It’s happening. I can already see the glimmers. Not to everyone, of course. Some of them are just going through the motions, a show like any show, a time to hang out with their friends. And that’s okay. But some of them…they get it. They know what’s happening, and are being mindful and present. I am working hard to balance praise with criticism for the group in general, and trying hard to not just consistently gush about the same people all the time…but it’s not easy, to tell the truth. It takes a lot of focus to make sure I hit every one with compliments, and not save them all for the kids who regularly take my breath away – my Cinderella, who’s just luminous, graceful and lovely and charming, and the first one off book, which I always appreciate. My Narrator, whose voice and demeanor make him perfect for storytelling, and who started off as a very goofy, child-like freshman, and has become a man in four years before my very eyes, poised and confident and kind. My fierce and funny Witch, belting sustained b-flats and giving everyone shivers. My hilarious Stepsisters. My Harvard-bound, accordion-playing mathlete valedictorian playing Granny and the Giant with absolute sincerity. And my Baker. My favorite ever, quite simply, who is able to show the full gamut of everything he does best in this role: singing like a true musician, expressing a sly, clever sense of humor, and showing an ability to access, with sincerity and mindfulness, a depth of human experience that is well beyond his years. He is so smart, and he truly understands his character’s journey. He takes the whole thing seriously, which helps everyone else to take it seriously, too. He is a leader, and I feel so proud that through these little plays we did together, he was able to learn that about himself. It wasn’t just this, of course. He would have learned it anyhow, somewhere, but he got to practice it here. He has been a leader by example, choosing to be the best of himself, just because it’s the right thing to do. He had a mentor, someone like a brother, leave him halfway through the wood, and he had to figure out what to do with all of those feelings and reverses. He could have just brushed it off, or he could have gotten all dark and angry, but he chose, instead, to take the best of the lessons and let them make him stronger. So, now, others have watched him, and learned from him, and will be the better for it. And I believe, more strongly now than I ever have in my life, that those ripples of genuine kindness and dedication and commitment linger, and are bound to be heard. I have learned so much from this student, which is why I think he is so special to me. I was supposed to be the teacher, and he has ended up teaching me.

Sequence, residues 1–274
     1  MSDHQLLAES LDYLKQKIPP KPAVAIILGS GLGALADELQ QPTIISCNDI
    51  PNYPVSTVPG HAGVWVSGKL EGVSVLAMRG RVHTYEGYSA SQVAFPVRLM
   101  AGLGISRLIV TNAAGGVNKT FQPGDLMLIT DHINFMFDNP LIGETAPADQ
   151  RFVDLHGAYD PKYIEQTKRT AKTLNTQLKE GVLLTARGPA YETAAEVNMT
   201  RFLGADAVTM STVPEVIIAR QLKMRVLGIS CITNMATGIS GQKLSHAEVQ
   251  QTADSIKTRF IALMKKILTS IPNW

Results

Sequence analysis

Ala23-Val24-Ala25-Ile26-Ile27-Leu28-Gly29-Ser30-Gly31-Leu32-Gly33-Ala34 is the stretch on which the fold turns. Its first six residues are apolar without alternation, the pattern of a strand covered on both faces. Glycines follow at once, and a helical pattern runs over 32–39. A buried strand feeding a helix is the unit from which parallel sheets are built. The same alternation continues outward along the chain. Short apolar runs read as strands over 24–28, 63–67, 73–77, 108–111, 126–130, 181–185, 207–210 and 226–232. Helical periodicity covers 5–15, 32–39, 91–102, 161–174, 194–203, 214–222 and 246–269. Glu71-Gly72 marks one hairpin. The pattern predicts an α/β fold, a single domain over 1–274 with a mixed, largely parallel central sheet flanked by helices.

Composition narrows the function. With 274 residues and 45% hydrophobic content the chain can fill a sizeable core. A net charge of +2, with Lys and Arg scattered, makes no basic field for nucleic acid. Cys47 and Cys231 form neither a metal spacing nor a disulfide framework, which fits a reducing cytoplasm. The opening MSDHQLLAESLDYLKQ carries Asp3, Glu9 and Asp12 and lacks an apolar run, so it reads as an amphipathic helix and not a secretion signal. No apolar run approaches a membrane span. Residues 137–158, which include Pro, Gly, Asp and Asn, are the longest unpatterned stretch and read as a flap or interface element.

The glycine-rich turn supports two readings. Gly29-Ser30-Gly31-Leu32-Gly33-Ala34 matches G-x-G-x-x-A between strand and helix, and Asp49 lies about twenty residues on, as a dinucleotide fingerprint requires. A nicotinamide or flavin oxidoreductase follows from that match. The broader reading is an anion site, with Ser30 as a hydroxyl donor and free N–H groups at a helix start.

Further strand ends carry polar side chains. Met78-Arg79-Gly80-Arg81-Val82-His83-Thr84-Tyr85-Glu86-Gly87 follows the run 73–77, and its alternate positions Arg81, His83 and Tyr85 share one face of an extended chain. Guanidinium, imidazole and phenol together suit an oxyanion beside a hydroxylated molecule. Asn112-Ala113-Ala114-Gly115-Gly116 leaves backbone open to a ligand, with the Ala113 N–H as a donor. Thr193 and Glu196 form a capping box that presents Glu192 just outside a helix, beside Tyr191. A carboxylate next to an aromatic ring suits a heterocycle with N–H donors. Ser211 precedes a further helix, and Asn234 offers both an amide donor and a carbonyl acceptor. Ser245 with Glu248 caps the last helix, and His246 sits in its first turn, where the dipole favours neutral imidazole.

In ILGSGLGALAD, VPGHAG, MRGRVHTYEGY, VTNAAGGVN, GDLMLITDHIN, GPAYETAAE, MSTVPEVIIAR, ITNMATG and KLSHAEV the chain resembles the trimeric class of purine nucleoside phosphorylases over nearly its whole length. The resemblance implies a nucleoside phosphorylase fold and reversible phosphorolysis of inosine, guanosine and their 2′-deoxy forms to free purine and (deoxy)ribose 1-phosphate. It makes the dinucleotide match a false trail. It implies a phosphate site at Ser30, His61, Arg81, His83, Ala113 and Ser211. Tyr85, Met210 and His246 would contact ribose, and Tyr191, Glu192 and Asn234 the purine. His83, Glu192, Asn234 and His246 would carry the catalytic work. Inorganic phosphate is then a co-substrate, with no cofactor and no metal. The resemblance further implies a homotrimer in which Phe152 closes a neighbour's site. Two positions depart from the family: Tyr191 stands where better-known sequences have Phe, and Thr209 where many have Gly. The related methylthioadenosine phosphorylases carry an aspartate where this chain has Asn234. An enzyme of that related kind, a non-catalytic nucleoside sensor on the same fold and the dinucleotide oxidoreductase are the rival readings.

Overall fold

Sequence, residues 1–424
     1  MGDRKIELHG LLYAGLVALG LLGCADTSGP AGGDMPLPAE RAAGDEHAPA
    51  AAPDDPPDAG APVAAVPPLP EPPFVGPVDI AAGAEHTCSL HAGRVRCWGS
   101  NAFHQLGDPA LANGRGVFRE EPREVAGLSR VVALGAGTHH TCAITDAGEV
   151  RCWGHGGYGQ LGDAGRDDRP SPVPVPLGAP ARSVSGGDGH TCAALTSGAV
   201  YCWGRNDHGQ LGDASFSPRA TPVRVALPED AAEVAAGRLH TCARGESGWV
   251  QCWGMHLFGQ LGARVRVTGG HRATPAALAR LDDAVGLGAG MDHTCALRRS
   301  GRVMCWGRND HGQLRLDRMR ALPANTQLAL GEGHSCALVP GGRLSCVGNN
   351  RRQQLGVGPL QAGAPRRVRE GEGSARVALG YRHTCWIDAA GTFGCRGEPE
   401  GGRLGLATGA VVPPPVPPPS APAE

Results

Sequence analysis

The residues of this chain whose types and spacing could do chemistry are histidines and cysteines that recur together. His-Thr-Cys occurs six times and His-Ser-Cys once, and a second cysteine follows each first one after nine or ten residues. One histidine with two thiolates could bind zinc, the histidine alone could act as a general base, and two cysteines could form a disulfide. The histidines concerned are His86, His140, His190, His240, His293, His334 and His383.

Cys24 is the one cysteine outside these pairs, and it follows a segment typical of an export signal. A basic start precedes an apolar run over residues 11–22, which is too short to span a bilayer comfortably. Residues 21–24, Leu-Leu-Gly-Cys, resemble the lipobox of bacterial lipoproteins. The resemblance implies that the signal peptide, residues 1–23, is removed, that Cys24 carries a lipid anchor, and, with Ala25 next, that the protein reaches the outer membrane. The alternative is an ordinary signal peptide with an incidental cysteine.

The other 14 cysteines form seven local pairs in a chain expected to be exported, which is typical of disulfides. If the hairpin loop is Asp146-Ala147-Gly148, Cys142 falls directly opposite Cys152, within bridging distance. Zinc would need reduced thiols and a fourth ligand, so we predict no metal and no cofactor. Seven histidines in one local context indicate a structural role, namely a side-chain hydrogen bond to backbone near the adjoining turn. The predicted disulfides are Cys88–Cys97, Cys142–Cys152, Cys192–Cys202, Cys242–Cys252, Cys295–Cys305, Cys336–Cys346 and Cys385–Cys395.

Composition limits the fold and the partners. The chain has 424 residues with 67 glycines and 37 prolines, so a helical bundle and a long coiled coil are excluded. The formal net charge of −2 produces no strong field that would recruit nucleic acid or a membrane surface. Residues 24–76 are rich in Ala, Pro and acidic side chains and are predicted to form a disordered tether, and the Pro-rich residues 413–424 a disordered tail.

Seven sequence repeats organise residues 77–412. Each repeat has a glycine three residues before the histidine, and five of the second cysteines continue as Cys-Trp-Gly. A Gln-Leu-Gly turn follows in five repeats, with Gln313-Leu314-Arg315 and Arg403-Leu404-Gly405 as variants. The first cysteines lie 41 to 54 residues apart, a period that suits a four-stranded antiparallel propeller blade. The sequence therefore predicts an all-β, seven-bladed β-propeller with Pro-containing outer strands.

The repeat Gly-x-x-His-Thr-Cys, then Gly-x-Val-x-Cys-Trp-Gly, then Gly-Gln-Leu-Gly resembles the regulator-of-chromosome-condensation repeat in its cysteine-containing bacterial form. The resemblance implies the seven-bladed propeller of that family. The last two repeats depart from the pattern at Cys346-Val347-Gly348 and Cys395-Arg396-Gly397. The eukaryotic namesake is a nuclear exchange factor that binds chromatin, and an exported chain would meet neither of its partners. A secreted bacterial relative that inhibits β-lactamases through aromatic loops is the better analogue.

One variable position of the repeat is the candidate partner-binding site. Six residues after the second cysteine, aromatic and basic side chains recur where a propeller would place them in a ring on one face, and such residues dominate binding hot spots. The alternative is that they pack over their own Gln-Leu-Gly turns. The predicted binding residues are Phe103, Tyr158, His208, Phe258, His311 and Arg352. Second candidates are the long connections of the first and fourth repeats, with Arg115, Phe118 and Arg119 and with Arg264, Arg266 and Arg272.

I will soon be having a very important conversation about teaching that will have an impact on my life. In preparation, I was thinking about the many different teachers I have had, and how you never know when you will meet someone who will become your teacher. Really, the moment a person becomes a teacher is the moment when the student decides to learn from him…or her. A thing I have been enjoying lately about life is that I am finding so many teachers and learning so much. They come in unlikely forms sometimes, so I have learned to recognize and appreciate these kindred spirits when I find them. At this particular vibrant time in my life, they seem to be presenting themselves in rapid succession, and I determined not to miss a single one.